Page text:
Have you ever seen the statue of the Nile and its many symbols? The Statue, preserved in the Vatican Museums, is famous worldwide and is full of symbols. Do you know who those little figures are? Why there are so many in this sculpture? Want to know more? Take one of out Vatican Tours. We’ll take you through the Museums and share the secret of its masterpieces with you. Come and see the Vatican Museums and its legends with your own eyes.
The Statue’s History
Following the defeat at Waterloo (1815), the Vatican asked France for the return of the works of art that Napoleon’s troops had stolen from Rome in 1797 as spoils of war. Among these was the Nile; a colossal marble sculpture dating from the 1st century A.D. It is currently located in the Braccio Nuovo of the Vatican Museums. But it was not easy for the Papal State to regain its possession. The French government was initially unwilling to yield to Italian pressure.
The river Nile is depicted as a bearded old man lying on his side with his head crowned with leaves and fruits of Egypt, an allusion to the fertility of the fields ensured by the water.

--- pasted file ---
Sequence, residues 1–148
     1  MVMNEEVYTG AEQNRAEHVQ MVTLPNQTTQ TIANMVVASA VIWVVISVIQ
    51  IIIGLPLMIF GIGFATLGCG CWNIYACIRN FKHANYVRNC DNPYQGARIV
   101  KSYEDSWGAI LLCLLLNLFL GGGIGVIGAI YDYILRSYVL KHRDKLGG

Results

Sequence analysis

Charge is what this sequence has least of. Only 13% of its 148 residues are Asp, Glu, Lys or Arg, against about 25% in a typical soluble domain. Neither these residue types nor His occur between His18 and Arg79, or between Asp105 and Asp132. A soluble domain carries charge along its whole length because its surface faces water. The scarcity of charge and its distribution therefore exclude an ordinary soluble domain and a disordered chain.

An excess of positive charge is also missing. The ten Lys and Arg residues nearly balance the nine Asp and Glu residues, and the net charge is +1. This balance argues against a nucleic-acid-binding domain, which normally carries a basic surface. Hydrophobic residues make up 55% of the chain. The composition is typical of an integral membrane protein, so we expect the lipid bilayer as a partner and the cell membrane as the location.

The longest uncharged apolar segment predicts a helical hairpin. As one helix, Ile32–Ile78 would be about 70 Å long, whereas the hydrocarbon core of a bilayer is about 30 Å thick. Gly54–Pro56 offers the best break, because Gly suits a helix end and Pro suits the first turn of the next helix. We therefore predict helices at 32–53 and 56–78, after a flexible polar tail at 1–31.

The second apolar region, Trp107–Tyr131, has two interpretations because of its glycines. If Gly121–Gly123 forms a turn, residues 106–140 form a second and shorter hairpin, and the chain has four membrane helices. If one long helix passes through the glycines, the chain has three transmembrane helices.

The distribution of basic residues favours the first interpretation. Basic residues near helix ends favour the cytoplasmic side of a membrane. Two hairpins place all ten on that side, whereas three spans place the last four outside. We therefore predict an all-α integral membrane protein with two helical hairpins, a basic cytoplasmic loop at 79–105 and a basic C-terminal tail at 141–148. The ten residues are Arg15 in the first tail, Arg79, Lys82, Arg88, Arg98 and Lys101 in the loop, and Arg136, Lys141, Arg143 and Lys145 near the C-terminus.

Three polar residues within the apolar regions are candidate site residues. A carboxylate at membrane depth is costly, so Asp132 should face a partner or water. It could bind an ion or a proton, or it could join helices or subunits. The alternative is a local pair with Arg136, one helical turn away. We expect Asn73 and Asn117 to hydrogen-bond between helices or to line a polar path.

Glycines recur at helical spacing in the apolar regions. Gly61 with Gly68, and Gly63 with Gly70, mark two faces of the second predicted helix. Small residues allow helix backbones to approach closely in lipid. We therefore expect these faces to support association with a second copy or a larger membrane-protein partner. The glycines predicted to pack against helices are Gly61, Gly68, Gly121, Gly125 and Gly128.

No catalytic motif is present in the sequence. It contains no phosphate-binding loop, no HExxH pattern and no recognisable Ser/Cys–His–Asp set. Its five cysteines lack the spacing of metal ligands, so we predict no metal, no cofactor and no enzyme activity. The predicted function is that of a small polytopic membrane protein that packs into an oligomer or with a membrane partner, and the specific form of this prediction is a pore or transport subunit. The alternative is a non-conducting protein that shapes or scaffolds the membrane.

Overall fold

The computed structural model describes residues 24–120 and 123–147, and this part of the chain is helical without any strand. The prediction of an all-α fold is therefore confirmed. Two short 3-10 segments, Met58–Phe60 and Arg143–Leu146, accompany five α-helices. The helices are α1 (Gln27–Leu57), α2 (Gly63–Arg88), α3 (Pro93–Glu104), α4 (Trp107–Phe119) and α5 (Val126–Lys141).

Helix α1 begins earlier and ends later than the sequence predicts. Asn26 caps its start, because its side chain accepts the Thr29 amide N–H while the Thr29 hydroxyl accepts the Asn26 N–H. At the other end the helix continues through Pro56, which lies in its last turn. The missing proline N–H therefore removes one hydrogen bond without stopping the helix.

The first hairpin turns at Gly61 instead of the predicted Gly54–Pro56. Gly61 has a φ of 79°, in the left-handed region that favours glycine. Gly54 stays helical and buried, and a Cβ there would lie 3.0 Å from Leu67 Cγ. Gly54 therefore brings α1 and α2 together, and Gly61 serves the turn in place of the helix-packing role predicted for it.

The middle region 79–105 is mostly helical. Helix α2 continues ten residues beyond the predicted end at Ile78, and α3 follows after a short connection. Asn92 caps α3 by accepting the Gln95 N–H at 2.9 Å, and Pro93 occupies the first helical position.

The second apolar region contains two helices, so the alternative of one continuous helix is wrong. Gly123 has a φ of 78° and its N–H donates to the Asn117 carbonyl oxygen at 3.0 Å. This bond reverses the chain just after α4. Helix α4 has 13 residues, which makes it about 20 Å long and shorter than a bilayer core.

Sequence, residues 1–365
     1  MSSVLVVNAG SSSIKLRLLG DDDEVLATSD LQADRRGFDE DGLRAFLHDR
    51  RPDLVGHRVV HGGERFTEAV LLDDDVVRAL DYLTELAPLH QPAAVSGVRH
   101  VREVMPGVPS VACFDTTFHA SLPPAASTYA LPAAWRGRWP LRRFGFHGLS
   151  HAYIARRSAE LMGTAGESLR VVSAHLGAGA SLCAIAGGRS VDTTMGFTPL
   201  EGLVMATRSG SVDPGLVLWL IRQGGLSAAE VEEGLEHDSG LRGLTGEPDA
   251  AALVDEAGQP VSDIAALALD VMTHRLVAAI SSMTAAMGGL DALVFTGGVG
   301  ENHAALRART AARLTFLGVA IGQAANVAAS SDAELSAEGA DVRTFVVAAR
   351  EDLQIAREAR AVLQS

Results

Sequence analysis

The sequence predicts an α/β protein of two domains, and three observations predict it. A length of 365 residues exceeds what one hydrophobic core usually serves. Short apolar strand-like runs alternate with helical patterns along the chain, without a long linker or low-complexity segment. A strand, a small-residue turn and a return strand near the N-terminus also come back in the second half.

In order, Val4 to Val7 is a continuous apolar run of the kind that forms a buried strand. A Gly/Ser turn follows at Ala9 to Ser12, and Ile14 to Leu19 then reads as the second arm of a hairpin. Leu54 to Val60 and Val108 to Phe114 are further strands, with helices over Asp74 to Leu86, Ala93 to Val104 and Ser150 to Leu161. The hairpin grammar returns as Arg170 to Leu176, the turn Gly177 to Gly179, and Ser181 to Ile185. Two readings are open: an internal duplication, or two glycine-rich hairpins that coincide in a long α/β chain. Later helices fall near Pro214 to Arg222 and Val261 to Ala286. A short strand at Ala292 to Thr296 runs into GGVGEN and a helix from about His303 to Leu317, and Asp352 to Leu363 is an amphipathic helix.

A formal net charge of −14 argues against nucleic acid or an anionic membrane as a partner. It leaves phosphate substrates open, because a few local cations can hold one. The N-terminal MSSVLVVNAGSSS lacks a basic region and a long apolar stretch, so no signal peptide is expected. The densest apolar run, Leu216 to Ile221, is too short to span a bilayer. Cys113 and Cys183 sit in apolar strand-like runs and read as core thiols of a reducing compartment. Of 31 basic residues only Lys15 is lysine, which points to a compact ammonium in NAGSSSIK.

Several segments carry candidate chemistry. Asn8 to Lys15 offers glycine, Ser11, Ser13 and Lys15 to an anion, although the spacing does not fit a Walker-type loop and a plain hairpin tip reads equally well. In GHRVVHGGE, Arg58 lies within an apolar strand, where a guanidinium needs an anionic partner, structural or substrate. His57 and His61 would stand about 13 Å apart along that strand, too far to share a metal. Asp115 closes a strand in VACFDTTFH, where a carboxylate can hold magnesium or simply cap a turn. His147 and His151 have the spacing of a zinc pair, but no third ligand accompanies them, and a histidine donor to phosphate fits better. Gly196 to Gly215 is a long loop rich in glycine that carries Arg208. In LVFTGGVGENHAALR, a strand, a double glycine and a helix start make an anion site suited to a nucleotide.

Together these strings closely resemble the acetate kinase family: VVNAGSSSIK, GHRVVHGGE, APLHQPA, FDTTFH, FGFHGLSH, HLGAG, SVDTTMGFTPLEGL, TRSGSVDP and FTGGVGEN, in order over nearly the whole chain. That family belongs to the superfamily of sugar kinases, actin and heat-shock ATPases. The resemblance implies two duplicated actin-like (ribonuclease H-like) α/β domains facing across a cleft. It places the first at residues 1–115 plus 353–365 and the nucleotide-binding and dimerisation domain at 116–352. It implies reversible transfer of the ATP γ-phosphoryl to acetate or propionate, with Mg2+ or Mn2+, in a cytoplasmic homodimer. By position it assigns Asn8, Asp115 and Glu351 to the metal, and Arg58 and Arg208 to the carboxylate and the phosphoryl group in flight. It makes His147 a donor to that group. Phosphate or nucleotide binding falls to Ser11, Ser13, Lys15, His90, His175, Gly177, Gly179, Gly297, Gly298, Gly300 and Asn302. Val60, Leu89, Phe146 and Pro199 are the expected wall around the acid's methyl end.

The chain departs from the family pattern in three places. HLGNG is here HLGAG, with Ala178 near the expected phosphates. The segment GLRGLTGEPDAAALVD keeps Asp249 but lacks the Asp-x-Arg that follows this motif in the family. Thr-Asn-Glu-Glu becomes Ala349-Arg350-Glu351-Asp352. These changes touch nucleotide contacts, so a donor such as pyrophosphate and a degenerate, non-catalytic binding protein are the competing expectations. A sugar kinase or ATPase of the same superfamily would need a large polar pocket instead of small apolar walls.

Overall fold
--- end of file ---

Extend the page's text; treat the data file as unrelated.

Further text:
There are two other elements that refer to fertility: the bundle of wheat that the Nile holds in his right hand and the cornucopia full of fruit placed above the sphinx. The presence of the former is linked to the fact that wheat was the main product of Egyptian agriculture and the staple food of the ancient world.
The “little men”
The statue of the Nile is “studded” with sixteen putti (cherubs). They are all over the statue. They allude to the sixteen cubits of water. This is the level of the waters, reached by the Nile during the flood season.
Come and take a closer look at the Nile and its putti. Take one of out Vatican Tours. We’ll take you through the Museums and share the secret of its masterpieces. Come and see the Vatican Museums and its legends with your own eyes.